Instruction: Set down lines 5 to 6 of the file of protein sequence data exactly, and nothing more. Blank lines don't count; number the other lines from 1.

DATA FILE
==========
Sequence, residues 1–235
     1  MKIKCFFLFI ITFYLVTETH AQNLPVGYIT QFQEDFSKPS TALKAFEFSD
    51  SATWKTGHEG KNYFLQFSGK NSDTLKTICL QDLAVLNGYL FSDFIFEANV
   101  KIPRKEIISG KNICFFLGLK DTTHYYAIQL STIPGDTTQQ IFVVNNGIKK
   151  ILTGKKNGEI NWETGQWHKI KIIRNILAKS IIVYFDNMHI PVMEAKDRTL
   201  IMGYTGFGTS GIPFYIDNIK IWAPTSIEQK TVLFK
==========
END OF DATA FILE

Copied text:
   151  ILTGKKNGEI NWETGQWHKI KIIRNILAKS IIVYFDNMHI PVMEAKDRTL
   201  IMGYTGFGTS GIPFYIDNIK IWAPTSIEQK TVLFK